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Plant-based protein

Healthy foods

How can we increase the amount of plant-based foods in our diet without compromising on protein intake?

A lot of us are consciously trying to take on more protein from plant-based sources but meat is typically much higher in terms of protein content per gram vs plant-based. However, with a bit of planning and some smart choices, it’s completely possible to get enough protein on a plant-based diet!

Complete vs incomplete protein

It’s important to note that most meat or dairy based protein sources are considered “complete” meaning they provide all essential amino acids, plant-based protein sources can sometimes be lacking in one or more essential amino acids.

People need nine types of essential amino acids and most animal-based proteins have all these amino acids in the right amounts, but plant-based proteins often don’t. The body requires all essential amino acids in order to function properly, these essential amino acids cannot be produced by the body and must be obtained through diet.

Although complete plant-based protein sources are rare, there are some out there:

  1. Soy products – Tofu, tempeh, and edamame are all excellent sources of complete protein. They are versatile, easy to cook with, and can be used in a variety of dishes. 100 grams of tofu can provide up to 8 grams of protein.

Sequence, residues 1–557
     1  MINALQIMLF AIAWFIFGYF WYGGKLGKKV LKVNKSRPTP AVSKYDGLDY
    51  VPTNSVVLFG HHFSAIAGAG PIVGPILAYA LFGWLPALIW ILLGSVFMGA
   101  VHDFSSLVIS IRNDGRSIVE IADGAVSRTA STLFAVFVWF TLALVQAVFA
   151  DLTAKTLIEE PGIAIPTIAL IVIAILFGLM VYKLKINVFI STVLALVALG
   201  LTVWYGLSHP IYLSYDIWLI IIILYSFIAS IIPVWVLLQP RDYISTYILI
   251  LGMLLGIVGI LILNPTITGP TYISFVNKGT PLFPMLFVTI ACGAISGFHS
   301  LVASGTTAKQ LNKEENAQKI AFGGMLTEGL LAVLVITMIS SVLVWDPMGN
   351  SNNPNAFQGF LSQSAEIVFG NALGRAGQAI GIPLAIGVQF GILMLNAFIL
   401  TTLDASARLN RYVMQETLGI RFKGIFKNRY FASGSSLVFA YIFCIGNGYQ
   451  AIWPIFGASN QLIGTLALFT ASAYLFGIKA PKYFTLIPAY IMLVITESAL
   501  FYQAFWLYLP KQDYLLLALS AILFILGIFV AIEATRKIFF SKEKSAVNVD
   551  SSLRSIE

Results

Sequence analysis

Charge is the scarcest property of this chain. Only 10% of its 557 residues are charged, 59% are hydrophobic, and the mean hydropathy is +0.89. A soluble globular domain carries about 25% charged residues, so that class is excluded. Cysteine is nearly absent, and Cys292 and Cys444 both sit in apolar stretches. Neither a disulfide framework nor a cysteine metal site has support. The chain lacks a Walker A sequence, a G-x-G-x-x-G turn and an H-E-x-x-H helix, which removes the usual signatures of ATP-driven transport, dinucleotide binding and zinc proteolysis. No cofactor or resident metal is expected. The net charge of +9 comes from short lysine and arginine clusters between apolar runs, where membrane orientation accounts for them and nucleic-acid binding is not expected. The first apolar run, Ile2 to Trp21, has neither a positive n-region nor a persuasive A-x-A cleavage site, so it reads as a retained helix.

1. Quinoa – This ancient grain is a complete protein, providing all essential amino acids despite primarily being a carb source. It’s also a great source of fibre, vitamins, and minerals. One cup of cooked quinoa provides 8 grams of protein

  2. Buckwheat – Buckwheat is another complete protein source that’s also primarily a carb source. It can be used in a variety of dishes, such as pancakes, noodles, and porridge. One cup of cooked buckwheat provides 6 grams of protein

  3. Hemp seeds – These small seeds are packed with complete protein, healthy fats, and essential minerals. They can be added to smoothies, salads, or used as a topping for yogurt or porridge. Two tablespoons of hemp seeds provide 5 grams of protein

  4. Chia seeds – Chia seeds are a complete protein source that can be easily added to your diet in a similar way to hemp seeds. They can also be mixed into smoothies, used as a topping for yogurt or porridge, or even made into a gel to use in baking. Two tablespoons of chia seeds provide 4 grams of protein


It’s possible to get all the essential amino acids from plant-based sources but also worth noting that plant-based eaters might struggle to get in certain essential amino acids. For the majority of the population who are simply looking to optimise health and be active – that’s not a big issue as you’ll likely avoid deficiencies from eating a well balanced diet rich in various protein sources.

Plant based protein recommendations

If you’re a plant-based eater who is looking to build muscle then you need to be a bit more considered in approaching your protein intake. In order to build muscle, we need to maximise opportunities for muscle protein synthesis (MPS) to occur – MPS being the process within the body where new muscle protein is produced. MPS helps repair and grow muscle, especially after exercise and eating enough protein is crucial to support facilitate this process.